This isn’t for the faint of heart. If we’ll stop trying to tame the voice of God, we’ll realize that when He calls He’ll ask something of us. Something that will require sacrifice. Something that will sometimes require letting go of what we hold most dear. Abraham had to be willing to let go of his only son. Noah had to let go of his preconceived notions about how life and nature worked, but he did, and followed God’s instruction, and the human race was saved. Moses had to let go of his excuses and the life he’d made for himself. Peter had to let go of his nets. Paul had to let go of everything he thought he knew about God.
Do you see the pattern? The pattern to every Great Adventure with God? God speaks, and if we are really listening and paying attention, He asks us to do the impossible, to sacrifice what is most precious to us…to jump off a cliff with and for Him. And if we become willing – really willing – He gives us more than we can ever imagine. He blessed Abraham with decedents beyond all telling. He rescued Israel from Egypt and gave them a land flowing with milk and honey. Peter lead the early Church, Paul spread the message to all the corners of the world. Just think…just imagine what God is trying to do in and through your life if you would just hear Him call your name, and let go and leap…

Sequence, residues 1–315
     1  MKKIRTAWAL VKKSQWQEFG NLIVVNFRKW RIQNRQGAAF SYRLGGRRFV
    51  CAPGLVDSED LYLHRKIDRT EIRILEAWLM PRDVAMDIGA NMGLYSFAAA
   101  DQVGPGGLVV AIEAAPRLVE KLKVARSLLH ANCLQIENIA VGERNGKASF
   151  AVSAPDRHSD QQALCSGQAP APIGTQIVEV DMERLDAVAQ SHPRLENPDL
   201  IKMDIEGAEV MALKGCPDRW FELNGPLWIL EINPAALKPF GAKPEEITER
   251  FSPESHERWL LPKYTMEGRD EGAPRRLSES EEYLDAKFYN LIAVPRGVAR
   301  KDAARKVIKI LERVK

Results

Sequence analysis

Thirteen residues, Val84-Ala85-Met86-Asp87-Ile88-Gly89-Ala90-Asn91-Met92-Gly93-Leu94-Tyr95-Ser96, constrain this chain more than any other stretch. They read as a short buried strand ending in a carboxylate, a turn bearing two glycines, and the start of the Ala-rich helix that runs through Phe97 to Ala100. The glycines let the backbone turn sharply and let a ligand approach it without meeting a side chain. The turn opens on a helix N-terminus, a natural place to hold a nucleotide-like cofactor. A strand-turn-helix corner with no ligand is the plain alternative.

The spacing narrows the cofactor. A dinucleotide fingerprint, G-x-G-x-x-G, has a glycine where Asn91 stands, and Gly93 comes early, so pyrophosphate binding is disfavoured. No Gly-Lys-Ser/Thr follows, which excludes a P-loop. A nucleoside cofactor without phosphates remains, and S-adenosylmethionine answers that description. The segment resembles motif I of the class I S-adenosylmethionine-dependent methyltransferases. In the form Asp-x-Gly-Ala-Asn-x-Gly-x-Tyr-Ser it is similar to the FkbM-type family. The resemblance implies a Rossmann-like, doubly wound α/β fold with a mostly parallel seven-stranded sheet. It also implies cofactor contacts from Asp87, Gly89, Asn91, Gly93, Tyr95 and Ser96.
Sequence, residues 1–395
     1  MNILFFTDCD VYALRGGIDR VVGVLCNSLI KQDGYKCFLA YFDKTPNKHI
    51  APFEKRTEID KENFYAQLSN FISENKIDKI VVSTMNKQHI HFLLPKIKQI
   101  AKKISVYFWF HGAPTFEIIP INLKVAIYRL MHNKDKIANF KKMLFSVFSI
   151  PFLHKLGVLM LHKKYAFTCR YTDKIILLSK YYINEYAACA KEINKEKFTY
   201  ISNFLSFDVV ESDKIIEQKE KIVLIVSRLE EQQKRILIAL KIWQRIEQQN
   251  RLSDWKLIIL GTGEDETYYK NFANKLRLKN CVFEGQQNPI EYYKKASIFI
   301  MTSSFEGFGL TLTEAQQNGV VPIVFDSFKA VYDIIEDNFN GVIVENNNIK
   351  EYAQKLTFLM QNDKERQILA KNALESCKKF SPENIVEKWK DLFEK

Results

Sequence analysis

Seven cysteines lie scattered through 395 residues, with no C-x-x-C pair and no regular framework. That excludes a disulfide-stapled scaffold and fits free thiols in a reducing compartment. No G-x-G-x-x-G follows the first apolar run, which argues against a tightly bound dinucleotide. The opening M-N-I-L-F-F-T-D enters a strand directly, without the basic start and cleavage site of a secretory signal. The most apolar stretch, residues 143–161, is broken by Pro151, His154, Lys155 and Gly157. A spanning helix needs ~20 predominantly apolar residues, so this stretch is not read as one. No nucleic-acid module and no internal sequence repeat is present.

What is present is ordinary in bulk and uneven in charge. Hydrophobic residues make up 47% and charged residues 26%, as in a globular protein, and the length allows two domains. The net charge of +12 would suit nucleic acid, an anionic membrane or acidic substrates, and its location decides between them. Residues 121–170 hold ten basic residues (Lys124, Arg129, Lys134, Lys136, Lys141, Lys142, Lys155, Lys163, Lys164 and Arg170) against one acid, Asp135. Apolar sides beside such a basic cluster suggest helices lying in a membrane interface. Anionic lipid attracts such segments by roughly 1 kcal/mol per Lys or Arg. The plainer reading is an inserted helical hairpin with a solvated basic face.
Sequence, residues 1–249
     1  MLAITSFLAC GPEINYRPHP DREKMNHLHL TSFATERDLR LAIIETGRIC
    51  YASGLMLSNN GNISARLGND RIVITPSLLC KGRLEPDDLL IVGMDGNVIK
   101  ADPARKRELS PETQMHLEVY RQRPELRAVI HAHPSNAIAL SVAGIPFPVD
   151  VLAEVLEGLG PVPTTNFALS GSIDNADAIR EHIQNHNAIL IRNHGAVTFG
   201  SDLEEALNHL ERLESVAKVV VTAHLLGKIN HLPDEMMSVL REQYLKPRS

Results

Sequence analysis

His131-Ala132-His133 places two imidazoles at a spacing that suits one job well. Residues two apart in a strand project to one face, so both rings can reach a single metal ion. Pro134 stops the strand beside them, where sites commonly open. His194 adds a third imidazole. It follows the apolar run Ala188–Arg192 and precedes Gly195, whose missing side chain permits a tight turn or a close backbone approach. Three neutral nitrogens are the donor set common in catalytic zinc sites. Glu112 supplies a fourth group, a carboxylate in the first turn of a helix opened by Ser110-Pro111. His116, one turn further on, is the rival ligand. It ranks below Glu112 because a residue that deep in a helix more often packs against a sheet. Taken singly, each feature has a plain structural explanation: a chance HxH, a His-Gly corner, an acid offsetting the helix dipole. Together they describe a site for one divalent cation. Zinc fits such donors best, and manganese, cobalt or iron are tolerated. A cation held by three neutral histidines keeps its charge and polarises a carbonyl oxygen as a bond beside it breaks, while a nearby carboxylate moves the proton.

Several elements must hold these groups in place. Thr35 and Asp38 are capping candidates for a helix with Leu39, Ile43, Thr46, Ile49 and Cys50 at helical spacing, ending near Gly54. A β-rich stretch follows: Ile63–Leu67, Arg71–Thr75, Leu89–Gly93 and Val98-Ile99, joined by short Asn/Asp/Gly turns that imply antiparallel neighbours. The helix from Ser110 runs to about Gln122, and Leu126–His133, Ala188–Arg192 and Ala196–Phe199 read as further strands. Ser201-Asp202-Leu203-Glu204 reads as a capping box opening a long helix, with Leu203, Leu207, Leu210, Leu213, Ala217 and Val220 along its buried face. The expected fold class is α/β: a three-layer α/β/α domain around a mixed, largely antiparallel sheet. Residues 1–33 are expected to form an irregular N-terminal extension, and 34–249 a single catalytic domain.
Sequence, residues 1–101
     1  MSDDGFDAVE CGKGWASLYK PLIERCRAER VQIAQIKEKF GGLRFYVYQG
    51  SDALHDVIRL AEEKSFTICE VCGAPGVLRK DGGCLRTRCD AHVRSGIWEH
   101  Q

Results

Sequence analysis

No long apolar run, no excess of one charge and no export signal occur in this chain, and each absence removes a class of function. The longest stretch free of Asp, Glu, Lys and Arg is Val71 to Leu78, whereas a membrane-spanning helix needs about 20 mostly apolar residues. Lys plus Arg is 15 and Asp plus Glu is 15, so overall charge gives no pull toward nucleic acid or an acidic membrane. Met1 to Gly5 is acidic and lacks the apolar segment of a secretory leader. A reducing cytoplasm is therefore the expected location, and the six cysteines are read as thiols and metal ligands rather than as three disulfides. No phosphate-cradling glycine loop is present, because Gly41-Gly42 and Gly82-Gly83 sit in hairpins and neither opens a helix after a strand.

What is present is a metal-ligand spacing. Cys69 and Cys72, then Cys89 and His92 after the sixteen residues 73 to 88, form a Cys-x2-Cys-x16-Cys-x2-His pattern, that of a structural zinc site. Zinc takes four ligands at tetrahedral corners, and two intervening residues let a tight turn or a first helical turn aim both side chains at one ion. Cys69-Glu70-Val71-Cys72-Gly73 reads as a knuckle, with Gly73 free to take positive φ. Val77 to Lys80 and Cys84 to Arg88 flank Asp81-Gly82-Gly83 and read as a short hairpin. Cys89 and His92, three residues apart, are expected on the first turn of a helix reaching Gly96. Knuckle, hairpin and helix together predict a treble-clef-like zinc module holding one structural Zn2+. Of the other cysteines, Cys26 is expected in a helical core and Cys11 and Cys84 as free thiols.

Lent is a season of listening and letting go. Our practices of prayer, fasting, and almsgiving help us look up from the menagerie of our own lives to be in a place to listen for God…to let ourselves be interrupted by him. Lent is a season of listening…and letting go. Our prayer, fasting, and almsgiving is practice in letting go of the things that capture our attention so that we’re free to leap in whatever direction God is calling.
…and He is calling, friend. You – yes – you – God is calling you. Do you hear it, or have you tried to tame His voice? What is God asking you to let go of; what is God asking you to entrust to His care rather than your own? Where is God asking you to go; how is He asking you to leap? God is asking you to leap – jump in faith – to listen, let go, and leap. Listen. Let go. And leap. How ‘bout it?